Contact

Director

Prof. Dr. Jannika Mattes

Representative

Prof. Dr. Tonio Oeftering

Business Office

+49 (0)441 798-2207/-2641/-4964

A6 4-416/417
 

Carl von Ossietzky Universität Oldenburg
Fakultät I - Bildungs- und Sozialwissenschaften
Institut für Sozialwissenschaften
Ammerländer Heerstr. 114-118 
26129 Oldenburg

Profile of the institute

Cultural, economic, social and political conditions of society and questions of social inequality are at the heart of social science research. In order to understand the current challenges faced in our world, social scientists at Oldenburg rely on both the separate expertise and connections between the two disciplines of sociology and political science. While political science focuses on the study of political action and decision-making processes (often at the level of the government or state), sociology more broadly analyses the relationship between social life, social change, and the social causes and consequences of human behaviour. In bringing together political science and sociological perspectives, the Institute of Social Sciences in Oldenburg is uniquely positioned to explore and understand the order of modern societies and how they respond to threats of the erosion of social cohesion.

Themes: Interdisciplinary and wide-ranging

Thematically, the topics of the institute can be divided into two areas:

(1) Knowledge and organization

To section "Knowledge and organization"

In this topic, we investigate social orders and patterns of social interaction in a changing society. For example, processes such as digitization or sustainable development have far-reaching implications at a range of different levels from families, to organisations such as education and employment systems, and for society as a whole.

(2) Social and political inequalities

To section "Social and political inequalities"

Here, the focus is on the distribution of resources, opportunities and risks throughout society. In particular, we consider how access to social goods and social positions is often bound up in unequal power relationships and social constructions, which are often further exacerbated by particular criteria such as economic status, identity and/or societal practices such as increased digitalisation or sustainable activities.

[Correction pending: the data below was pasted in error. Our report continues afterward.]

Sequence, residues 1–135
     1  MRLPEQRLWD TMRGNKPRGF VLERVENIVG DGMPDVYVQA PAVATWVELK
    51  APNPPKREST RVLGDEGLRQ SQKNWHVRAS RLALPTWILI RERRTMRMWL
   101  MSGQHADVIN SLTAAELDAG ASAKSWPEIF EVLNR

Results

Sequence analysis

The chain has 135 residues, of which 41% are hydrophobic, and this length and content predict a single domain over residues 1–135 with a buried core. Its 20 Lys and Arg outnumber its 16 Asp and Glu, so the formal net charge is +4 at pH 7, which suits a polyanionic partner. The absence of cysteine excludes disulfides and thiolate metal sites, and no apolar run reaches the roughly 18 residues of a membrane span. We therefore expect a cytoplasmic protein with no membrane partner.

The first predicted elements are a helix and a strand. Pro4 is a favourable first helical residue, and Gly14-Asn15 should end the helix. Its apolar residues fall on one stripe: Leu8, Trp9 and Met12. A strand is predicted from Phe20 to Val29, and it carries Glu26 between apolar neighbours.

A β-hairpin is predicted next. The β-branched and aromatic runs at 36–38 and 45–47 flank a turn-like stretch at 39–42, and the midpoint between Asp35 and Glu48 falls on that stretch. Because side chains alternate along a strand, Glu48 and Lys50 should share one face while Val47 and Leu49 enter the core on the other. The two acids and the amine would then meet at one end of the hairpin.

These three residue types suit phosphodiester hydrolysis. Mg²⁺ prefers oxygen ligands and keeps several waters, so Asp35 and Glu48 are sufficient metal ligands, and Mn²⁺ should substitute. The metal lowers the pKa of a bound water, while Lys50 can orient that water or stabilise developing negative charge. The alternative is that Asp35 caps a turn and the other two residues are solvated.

Through these research priorities, the Institute of Social Sciences contributes directly to the key research themes of the University. Based on a variety of contributions to social cohesion, which are at the forefront of its research, our institute can be assigned to the University's "Participation" research focus. In particular, this ties to our work on social and political inequalities. Our research also reflects the university’s "Sustainability" focus through our attention to knowledge, organization and social change. "Digitalization" is now a key University priority and is also of increasing importance for the Institute of Social Sciences. Contributions to this can be found in most research areas, some of which are also represented by our collaborations with the Computer Science Affiliated Institute of the University of Oldenburg, OFFIS.

Our diverse subject areas are interrogated via a range of research methods. These not only shape the research activities, but also the range of courses offered by the Institute of Social Sciences, particularly in the specialisation areas of our Bachelor's and Master's degree programme as well as the teacher training courses.

Methodological: Quantitative, qualitative and mixed methods

Research at the Institute of Social Sciences is based on a theory-method foundation that combines a variety of theoretical-conceptual approaches with a solid empirical basis. The aim of empirical research is to question and substantiate theoretical findings through empirical analyses and ultimately to derive new theoretical findings. Whilst some of our research focusses upon each distinct epistemological approach, the coupling of methods and theories demanded by theory-driven empirical research means that we often conduct research that integrates both quantitative and qualitative approaches and procedures via ‘mixed methodologies’.

(Changed: 03 Aug 2022)